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Acclaiming Alas, Babylon by Pat Frank




Alas, Babylon, by Pat Frank, is an engrossing novel that depicts the dilemmas and disputes of men, women, and children who face a life after nuclear attack. It begins quietly, with just a whisper of war before series of events motivate that whisper into a full out shout. Pat Frank's suspenseful descriptions, while drawn-out at times, are wonderfully worded and will leave the reader itching for more. The plot is connectable, though unrealistic for the modern time- as in the case of the jalopy and Admiral Hazzard's short-wave radio. Both items are outdated, but Frank's power with the pen makes that lost, olden age seem more of a reality then ink on paper.

The portrayal of life after the harrowing attacks are filled with grotesque descriptions that perfectly enumerate the dramatic scenes. The overall setting of the novel is both gripping and unpretentious at the same time, as in the feral dog killing off the Henry's animals. Paul Frank's use of dialogue between the members of the group helps to express their predicament in a way that is both discernable to the the reader and pleasing to the imagination.

The overall, deserved rating for this modern classic is by far a four out of five. Three well deserved stars should be given for the connectable characters, descriptive settings, and uniquely original storyline. The central conflict of this book contributes to the fourth star. That main feature, though only lasting for about a chapter, is what gives this novel a unique burst of color that no other work can boast. Internal conflicts, thorough thought complexs, and intelligent reactions to the environment make this story a well-developed page turner that would definitely be one of my recomendable reads.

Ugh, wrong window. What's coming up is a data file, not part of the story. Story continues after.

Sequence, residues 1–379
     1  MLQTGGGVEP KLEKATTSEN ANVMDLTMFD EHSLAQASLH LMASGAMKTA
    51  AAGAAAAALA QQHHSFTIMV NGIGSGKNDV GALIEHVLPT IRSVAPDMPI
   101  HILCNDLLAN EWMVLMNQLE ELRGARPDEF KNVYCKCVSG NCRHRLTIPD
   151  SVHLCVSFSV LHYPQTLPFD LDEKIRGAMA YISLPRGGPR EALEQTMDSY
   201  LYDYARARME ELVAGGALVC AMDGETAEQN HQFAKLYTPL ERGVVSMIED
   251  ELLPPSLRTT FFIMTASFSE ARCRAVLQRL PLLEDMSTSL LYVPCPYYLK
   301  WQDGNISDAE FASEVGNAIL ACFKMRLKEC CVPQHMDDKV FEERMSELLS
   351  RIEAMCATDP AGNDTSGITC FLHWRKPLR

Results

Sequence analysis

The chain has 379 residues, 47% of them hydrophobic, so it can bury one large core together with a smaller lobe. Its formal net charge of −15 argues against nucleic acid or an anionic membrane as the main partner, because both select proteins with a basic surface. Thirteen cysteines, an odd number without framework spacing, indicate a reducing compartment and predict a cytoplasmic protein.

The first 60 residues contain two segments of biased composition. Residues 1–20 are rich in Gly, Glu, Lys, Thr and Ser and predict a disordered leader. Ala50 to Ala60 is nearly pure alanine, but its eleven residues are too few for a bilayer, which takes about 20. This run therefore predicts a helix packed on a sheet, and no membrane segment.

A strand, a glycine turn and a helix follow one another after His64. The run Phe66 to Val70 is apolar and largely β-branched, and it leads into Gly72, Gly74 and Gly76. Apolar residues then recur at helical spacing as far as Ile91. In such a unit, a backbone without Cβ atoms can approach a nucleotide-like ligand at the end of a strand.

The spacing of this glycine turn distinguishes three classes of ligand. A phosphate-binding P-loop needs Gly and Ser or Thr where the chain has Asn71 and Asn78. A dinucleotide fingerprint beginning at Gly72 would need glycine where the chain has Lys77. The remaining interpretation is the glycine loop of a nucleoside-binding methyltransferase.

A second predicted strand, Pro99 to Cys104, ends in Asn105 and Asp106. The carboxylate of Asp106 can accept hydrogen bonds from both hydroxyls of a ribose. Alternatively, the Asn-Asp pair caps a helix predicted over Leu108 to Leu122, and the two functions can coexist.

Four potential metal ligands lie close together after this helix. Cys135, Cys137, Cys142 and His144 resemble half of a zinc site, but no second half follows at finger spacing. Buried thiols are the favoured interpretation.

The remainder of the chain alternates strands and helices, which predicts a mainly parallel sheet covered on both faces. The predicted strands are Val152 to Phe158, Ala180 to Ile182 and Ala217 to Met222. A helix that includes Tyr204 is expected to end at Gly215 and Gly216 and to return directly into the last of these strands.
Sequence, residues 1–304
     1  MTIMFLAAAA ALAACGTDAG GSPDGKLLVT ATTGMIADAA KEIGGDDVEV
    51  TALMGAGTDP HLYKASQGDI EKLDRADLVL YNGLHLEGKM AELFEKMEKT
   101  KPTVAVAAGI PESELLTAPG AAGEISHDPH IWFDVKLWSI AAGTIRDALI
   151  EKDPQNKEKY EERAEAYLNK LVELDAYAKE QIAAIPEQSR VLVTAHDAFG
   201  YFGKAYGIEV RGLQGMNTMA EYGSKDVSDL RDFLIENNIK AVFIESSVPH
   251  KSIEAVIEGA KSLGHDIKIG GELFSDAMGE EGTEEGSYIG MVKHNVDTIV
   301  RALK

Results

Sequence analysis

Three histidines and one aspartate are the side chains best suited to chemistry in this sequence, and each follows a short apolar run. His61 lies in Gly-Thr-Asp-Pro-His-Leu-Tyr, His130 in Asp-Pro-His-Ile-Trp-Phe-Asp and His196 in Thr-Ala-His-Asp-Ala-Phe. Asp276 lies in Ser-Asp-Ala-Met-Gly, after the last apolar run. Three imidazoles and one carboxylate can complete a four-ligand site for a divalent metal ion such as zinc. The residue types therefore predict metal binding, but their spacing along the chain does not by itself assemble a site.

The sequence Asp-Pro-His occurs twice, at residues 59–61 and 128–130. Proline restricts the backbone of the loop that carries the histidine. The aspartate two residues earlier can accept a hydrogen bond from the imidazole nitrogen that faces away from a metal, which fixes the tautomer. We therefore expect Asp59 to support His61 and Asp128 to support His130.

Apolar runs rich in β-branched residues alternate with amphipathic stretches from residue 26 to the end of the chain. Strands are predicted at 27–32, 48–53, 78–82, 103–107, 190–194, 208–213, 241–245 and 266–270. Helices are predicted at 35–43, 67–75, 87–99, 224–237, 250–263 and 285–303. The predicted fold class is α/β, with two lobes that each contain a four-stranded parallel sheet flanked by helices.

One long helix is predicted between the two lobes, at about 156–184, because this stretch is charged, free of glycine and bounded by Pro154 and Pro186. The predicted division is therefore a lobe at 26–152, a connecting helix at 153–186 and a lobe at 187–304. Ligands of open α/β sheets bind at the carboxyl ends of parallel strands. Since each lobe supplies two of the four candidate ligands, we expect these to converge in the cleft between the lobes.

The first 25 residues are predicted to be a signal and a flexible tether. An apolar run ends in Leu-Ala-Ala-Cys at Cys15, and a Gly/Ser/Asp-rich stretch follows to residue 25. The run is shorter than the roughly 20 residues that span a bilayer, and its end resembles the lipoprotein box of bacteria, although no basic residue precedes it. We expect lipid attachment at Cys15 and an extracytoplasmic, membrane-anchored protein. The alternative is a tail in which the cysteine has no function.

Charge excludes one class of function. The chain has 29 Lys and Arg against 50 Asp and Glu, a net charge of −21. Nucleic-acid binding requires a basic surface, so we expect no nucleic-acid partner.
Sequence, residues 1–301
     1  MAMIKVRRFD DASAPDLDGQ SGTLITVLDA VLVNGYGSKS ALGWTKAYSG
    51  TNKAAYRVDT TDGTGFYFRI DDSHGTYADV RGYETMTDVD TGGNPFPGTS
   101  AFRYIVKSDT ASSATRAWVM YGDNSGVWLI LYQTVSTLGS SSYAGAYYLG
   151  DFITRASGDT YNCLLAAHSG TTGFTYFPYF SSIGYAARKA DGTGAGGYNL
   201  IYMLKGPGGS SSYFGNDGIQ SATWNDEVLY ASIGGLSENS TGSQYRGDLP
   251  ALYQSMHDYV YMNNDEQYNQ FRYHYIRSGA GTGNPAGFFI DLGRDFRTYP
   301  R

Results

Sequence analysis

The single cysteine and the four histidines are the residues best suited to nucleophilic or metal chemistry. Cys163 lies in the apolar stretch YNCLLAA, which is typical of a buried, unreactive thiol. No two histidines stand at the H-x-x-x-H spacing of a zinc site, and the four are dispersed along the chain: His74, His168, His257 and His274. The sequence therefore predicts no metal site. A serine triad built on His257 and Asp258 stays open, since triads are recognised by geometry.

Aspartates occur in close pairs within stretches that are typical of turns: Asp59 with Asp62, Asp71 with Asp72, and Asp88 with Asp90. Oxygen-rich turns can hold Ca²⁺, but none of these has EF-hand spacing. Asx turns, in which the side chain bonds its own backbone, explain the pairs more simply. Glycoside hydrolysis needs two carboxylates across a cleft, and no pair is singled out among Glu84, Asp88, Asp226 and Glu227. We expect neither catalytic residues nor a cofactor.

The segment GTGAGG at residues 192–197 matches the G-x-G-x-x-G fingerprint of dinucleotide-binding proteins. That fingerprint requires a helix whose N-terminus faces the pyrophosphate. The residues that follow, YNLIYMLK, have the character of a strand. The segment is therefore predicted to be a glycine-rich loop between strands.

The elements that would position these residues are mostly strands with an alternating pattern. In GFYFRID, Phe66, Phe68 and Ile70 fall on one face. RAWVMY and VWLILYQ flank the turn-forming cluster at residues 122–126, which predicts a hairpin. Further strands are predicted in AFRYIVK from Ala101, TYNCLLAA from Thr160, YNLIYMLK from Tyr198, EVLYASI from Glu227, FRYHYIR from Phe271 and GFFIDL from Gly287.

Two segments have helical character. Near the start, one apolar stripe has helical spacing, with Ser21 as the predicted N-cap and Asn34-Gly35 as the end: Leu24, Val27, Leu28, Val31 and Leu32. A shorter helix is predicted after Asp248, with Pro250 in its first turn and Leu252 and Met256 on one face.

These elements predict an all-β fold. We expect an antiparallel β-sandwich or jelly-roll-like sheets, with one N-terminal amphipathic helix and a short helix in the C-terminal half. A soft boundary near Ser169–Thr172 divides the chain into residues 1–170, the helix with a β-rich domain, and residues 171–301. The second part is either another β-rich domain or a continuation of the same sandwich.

The only contravenable sides to this sensational classic would be the extended vocabulary and the rather slow beginning. It also would not be suited to a more sensitive audience because of a few phrases connected with a detrimental outlook on Christianity. (Even though the protagonists and his wife are married on Easter Sunday by their neighbor, who is a preacher.) The minor language and graphic descriptions, for example: the woman whose "neck was snapped," would not be good for younger audiences. Other than those minor controversial segments, Alas, Babylon is a wonderful read, ready for any person willing to give it a chance.



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